Importance of Scytho-Parthian Rule
The Scythian penetration was too deep and covered a wide region embracing
within its fold extreme north, north-west, parts of the Punjab, Mathura and
the adjoining regions, north-western Deccan and western India. The Sakas
and the Parthians used to govern many of their Indian possessions through
strategoi and satraps. They maintained the system of administering districts
and other smaller units of the country with the help of such officials as
meridarkhs and others—a system introduced by the Indo-Greeks. .
    The Sakas did not strike gold, their coins being mostly in silver and
copper: the Pahlavas restricted themselves to issuing copper and in rare
instances silver money.
    The economic and social life of the country was well organised through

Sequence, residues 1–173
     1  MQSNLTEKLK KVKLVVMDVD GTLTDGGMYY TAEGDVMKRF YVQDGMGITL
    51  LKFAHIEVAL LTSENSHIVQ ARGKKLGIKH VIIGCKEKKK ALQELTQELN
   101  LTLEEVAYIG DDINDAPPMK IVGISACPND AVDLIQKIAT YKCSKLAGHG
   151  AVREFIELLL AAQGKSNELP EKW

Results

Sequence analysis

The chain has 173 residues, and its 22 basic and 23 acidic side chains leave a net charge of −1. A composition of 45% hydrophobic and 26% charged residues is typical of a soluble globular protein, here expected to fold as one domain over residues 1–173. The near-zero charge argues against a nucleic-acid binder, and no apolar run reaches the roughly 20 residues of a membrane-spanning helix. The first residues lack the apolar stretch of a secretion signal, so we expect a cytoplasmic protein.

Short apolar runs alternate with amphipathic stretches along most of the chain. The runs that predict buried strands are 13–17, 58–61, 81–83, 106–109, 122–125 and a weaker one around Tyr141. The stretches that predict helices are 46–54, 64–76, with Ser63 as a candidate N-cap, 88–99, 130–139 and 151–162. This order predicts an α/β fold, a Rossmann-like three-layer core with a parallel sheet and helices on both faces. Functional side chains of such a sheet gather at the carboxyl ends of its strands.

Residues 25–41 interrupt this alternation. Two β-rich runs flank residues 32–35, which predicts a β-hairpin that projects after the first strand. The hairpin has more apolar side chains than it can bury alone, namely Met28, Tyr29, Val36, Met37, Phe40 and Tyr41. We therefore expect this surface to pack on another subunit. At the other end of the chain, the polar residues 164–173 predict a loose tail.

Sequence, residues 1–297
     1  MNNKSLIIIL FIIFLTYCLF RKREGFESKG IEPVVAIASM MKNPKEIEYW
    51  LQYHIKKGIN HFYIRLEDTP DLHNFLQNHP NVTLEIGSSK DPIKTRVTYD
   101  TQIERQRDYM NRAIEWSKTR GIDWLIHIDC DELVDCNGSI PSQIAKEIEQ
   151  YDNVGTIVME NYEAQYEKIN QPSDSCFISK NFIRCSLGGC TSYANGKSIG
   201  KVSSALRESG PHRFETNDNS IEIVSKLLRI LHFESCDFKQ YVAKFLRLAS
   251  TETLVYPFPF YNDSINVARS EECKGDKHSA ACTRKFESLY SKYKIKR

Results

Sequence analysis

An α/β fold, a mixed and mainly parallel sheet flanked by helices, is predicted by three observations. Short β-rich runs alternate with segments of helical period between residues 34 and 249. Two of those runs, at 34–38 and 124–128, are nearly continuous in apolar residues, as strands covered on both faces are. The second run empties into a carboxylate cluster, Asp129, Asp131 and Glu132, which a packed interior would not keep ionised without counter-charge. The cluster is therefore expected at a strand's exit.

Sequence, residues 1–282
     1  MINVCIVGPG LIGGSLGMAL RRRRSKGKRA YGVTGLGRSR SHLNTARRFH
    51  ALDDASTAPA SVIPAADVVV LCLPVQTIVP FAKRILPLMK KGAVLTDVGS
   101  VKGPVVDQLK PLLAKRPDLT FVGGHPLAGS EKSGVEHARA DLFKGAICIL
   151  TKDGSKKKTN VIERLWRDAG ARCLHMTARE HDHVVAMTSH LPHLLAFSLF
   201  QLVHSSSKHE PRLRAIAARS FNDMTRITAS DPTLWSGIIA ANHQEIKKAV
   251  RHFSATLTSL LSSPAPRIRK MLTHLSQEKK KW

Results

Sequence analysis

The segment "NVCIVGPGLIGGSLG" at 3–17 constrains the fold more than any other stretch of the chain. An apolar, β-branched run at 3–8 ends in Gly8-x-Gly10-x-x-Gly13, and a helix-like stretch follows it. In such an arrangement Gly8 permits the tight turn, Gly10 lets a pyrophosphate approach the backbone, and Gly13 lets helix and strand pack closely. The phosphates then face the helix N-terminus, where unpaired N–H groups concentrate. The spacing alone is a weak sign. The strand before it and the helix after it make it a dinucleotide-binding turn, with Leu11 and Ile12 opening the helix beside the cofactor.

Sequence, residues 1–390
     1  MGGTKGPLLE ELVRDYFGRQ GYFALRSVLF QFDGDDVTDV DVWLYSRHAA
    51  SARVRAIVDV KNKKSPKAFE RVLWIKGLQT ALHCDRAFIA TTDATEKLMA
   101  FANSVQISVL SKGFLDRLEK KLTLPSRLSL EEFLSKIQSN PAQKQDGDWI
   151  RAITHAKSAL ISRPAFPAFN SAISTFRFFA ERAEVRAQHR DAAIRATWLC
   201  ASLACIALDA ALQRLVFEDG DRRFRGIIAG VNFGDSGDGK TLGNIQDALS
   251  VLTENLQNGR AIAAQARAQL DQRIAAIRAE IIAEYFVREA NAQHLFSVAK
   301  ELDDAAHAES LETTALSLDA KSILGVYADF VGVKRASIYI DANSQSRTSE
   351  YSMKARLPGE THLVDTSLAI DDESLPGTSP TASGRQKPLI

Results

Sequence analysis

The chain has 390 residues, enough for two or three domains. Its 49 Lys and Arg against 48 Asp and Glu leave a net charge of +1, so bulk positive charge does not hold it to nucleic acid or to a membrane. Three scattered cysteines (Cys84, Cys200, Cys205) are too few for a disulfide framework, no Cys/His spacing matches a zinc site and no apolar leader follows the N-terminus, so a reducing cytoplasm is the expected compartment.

guilds and the state guaranteed the existence of these institutions by affording
them necessary assistance. According to one Nasik cave inscription, a
donation of 3,000 karshapanas by Ushavadatta, son-in-law of Nahapana, was
a perpetual endowment for the benefit of the Buddhist monks of any sect
dwelling in the cave. Another Nasik cave inscription records a similar
endowment with the guilds at Govardhana to provide medicines for the sick
of the Sangha of monks of any sect.
Kushanas
Origin
The name Kushana originally meant a tribe or family of the Yuehchi people.
By the beginning of the first century BC the Yuehchis gave up their nomadic
habits and divided themselves into five groups or principalities. Nearly a
century after this division, Kujula Kadphises I (the king of one of the five
principalities) attacked and subjugated the other four principalities. This led
to the establishment of a large empire in India and the Indian borderlands.
Invaluable Evidence from Bactrian Inscription A sea-change in the
Kushana studies is in the offing with the recent discovery of a Bactrian
inscription (Bactrian being a Middle Iranian language written in Greek script,
used regularly on the Kushana coins from the time of Kanishka I onwards).